I like tomatoes. They are one of the friendlier and more cheerful fruits. Yeah, I know the Supreme Court said that they are vegetables, but hey, what do lawyers know about reality or food? They’re really berries anyway. This little package of goodness has nicely green leaves and stems, and nice green fruit that shades to whatever cheerful color it’s going to be, usually a pretty red. They feel good to the touch, nicely firm and smooth and warm. There is also a squishy sensuality to laying into them with a really sharp knife. First the firm skin depresses the least little bit. Then you start the slide with a light but firm stroke. The sharp blade suddenly bites and then there is this wet slide down to the cutting board. The slightly acid juices run onto your fingers with a slightly stingy kiss and then down onto the board, staining the wood delicately darker.
Growing the things can be instructive. You plant, you water, you worry – too much sun? – not enough? And they don’t grow. Damn. You try again. Same cycle. More damns and other such. You plant even more. Eventually you stop worrying and become totally fatalistic. Then, and only then, they start growing like weeds. You become intent again. They start blooming those little green buds. Now you can start worrying about insects, birds, whatever the vermin of your region might be. The green buds grow, but will they get big enough? Relax. The things will probably bear so much that you will beat your friends to death, trying to get them to “take just one more”. Now you can plant them in the yard, in a place that has good sun, but won’t bake them out in the strong afternoon. You can plant them in a pot. You can plant them in a window box. You can plant the smallest varieties in small pots and just set them in the window inside. If you want good tomatoes, you have to feed them. At least here in Georgia, red clay is not the greatest base. You dig up the soil. You fertilize. You do the whole routine. You want the best? Compost. Rotted manure. Turn that Georgia red clay into black topsoil. Or do square foot box planting and roll your own soil. They taste better. They grow better. They taste better (yeah’, it bears repeating). You can’t use ‘em all unless you learn how to can or have lots of friends.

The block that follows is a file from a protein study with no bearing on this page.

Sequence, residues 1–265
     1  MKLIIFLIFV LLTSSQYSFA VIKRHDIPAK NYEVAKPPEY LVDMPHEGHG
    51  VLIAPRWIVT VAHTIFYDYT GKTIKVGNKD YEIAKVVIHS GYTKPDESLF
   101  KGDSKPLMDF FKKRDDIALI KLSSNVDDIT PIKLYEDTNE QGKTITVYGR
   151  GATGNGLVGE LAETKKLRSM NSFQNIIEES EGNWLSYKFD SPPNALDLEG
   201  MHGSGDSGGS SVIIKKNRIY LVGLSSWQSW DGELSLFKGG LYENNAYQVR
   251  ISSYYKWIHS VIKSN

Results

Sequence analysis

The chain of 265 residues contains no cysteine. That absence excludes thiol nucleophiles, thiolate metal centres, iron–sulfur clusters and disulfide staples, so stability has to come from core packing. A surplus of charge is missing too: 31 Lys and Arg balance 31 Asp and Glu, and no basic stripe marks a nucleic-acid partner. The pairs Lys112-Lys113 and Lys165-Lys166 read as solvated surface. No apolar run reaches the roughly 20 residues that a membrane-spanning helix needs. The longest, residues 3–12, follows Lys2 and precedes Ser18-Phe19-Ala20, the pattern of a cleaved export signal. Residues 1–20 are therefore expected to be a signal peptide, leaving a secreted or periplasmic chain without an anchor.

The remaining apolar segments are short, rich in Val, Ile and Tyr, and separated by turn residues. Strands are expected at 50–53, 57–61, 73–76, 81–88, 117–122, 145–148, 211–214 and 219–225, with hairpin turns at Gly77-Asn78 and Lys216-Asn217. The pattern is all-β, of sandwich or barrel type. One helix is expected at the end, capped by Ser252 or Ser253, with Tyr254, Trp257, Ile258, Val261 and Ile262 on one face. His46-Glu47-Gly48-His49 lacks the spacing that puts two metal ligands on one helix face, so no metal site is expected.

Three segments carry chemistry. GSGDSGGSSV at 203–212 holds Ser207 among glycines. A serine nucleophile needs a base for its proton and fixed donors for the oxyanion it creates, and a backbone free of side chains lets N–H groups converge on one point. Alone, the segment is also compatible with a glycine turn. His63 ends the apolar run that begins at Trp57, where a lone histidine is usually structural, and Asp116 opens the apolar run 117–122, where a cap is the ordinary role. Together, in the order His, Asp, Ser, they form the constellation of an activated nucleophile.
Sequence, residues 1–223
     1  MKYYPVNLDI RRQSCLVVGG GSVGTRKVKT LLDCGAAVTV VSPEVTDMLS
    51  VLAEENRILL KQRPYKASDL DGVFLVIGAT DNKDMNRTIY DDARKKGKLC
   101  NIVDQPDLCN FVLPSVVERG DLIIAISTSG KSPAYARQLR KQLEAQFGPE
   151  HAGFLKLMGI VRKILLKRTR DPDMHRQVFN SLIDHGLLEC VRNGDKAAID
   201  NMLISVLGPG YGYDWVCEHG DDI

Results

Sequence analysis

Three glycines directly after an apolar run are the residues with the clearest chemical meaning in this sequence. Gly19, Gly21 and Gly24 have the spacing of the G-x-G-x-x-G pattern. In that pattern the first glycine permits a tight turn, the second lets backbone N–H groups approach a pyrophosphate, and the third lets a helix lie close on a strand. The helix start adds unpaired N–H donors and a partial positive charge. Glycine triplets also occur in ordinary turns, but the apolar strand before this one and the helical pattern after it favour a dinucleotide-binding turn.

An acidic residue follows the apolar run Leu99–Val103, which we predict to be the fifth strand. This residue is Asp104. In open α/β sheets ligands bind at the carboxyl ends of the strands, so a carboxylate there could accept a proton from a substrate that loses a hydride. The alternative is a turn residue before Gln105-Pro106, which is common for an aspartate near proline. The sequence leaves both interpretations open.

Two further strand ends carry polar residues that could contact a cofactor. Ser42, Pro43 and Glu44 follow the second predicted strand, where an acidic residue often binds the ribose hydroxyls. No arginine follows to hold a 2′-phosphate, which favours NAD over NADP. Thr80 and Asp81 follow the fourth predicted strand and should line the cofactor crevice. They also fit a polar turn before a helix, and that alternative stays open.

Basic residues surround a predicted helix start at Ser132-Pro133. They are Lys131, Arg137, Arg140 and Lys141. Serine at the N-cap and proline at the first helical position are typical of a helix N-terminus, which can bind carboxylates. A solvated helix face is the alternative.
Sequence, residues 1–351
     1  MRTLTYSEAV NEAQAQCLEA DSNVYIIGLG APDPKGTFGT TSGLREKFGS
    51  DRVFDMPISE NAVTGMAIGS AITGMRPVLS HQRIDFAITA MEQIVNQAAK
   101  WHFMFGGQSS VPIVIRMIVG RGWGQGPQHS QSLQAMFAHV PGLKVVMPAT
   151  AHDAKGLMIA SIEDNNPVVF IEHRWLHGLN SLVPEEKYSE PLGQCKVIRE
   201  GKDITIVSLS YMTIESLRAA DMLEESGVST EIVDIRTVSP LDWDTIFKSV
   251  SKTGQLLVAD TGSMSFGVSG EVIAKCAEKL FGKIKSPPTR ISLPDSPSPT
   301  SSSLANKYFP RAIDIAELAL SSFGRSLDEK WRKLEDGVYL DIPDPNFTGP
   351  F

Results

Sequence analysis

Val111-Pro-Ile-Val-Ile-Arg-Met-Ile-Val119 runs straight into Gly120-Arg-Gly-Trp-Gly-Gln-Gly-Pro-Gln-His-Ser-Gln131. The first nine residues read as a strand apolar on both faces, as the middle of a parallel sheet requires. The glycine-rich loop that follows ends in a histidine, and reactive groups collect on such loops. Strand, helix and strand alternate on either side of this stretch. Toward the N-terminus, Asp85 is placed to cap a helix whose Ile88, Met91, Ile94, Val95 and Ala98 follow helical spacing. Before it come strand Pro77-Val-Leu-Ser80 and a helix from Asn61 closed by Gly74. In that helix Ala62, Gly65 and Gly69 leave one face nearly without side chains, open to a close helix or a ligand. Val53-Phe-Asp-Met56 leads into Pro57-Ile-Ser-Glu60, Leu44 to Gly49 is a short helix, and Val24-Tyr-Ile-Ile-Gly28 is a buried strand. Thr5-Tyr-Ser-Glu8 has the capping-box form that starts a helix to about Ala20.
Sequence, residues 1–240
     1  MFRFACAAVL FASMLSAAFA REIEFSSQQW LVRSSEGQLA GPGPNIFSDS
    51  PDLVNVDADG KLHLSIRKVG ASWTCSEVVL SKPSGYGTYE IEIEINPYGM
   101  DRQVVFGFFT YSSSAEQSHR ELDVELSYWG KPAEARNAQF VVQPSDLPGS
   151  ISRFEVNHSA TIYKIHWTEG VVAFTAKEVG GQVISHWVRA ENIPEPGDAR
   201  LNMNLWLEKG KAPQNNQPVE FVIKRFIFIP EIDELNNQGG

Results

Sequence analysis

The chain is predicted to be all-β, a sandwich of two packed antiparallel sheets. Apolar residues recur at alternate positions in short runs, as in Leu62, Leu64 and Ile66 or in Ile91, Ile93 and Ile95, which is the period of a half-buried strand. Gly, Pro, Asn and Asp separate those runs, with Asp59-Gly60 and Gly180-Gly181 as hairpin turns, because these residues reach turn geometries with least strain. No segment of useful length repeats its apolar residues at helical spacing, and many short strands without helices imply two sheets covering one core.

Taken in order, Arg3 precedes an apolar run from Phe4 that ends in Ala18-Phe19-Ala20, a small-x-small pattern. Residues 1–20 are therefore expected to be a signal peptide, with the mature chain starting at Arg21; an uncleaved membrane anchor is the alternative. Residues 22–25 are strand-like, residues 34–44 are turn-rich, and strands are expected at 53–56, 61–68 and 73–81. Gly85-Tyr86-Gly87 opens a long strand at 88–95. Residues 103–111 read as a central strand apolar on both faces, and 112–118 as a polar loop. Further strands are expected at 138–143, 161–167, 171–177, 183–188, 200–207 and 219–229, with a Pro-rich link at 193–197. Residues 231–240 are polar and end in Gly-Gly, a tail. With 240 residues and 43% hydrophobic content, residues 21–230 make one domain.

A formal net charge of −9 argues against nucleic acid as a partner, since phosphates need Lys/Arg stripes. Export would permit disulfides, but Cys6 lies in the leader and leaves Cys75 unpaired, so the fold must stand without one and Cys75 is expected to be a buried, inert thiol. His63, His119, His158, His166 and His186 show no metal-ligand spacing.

Best tomatoes I ever saw came from a friend of mine’s father. This guy was one of those depression era types that was a compulsive truck gardener. And he was damn good. But – the best tomato he ever grew he didn’t plant or grow, exactly. What it was was serendipity. The guy had absentmindedly dumped some iron shavings from where he’d been threading iron pipe for his porch. He just dumped the filings into the compost heap he had by the side of his house. Of course, he’d also dumped all the kitchen odds and ends, grass clippings, etc. You guys know the drill. If it would compost, it went into the heap. And no, a good compost heap doesn’t smell bad. One of the kitchen scraps must have had some tomato seeds in it. Now this fella’ did not water or anything, but it was a fairly good year. So up pops this volunteer tomato thing. You couldn’t call it a vine. You wouldn’t call it a plant. This thing was a tomato tree. It must have been all of 8′ high, at least. And big around proportionately. It was absolutely humongous. If it had been an animal, it would have stomped Tokyo. With the biggest, tastiest tomatoes you have ever seen. Your hands could just barely hold these things. Poor guy tried to give them away, but couldn’t keep up. I’m surprised he didn’t drown in tomatoes.